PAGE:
Everything else seems to be undaunted by the temps.  Plenty of water.  Topping off the ollas every day.  They seem to be working like a charm.  It was 105 the other day and my zucchini plants were perky and producing.  Nice!

We’ve started the great squash harvest of 2014.  My son saw the first two on the counter and said, “well, if it’s anything like last year I’m sure there will be two BILLION more.”  Gotta love the zukes like that!

I hope so, son.  I hope so.

Now for the only picture today.  I was noticing a little Old Time Tennessee melon developing.  The first of the melons this year.  It was about an inch long.  While I stooped down near some of the other vines I happened to notice this guy hiding in the leaves.


Very exciting!  There is another one, slightly smaller that is nearby.  Seems like the first ones always sneak up on me.  Cucumbers should be producing soon.  Yellow squash are starting to come in.  Butternuts are vining out all over the place.  Melon vines are everywhere.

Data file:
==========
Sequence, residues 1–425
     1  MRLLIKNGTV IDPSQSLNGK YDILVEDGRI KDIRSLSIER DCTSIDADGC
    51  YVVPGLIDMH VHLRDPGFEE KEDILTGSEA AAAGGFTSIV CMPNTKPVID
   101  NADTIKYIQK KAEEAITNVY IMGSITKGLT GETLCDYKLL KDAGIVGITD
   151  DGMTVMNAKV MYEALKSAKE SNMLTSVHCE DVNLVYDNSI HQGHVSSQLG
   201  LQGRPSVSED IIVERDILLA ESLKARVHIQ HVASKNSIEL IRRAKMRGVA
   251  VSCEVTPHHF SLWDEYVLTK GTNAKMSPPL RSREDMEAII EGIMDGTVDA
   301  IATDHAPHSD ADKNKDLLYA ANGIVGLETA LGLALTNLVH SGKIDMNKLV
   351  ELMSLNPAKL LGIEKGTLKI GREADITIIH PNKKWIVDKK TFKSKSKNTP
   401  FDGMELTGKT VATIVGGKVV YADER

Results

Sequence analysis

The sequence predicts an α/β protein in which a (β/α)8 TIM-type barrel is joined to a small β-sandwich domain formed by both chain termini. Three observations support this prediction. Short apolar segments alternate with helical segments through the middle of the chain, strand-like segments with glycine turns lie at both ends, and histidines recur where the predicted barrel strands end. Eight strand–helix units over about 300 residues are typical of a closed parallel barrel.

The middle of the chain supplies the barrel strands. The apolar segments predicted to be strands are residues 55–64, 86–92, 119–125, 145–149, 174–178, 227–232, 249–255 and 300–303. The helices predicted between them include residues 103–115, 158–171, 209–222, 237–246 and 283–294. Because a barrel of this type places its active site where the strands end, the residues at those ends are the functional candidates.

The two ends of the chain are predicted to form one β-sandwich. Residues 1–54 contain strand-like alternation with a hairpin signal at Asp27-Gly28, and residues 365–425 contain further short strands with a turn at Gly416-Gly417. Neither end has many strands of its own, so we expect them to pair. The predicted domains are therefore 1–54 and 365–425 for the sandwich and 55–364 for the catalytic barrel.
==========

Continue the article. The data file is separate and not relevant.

I have a dream that at some point this summer we will be eating sweet corn with dinner and having a tri-colored watermelon salad for dessert.  (Desert King – Yellow, Orange Tender Sweet, and Charleston Gray – Red)

We started harvesting the bigger tomatoes.  Lots of splits.  I’m trying to figure out why but we’ve been eating what we can.  The flavor is delicious.  Smaller tomatoes are a daily occurrence.  Very tasty right off of the vine.  Some never make it in the house.

I hope your spring/summer garden is coming along.  I’ll show you some pics of the new AWESOME corn once the straws start to appear.

Have a blessed week!

Linked at the Homestead Barn Hop

Linked at Homesteader’s Hop

Posted in Arizona Garden, charleston gray watermelon, corn, cucumbers, desert garden, Desert King Watermelon, Dripping Springs Ollas, Growing corn, Old Time Tennessee Melons, ollas, spring garden, tomatoes, zucchini | 10 Comments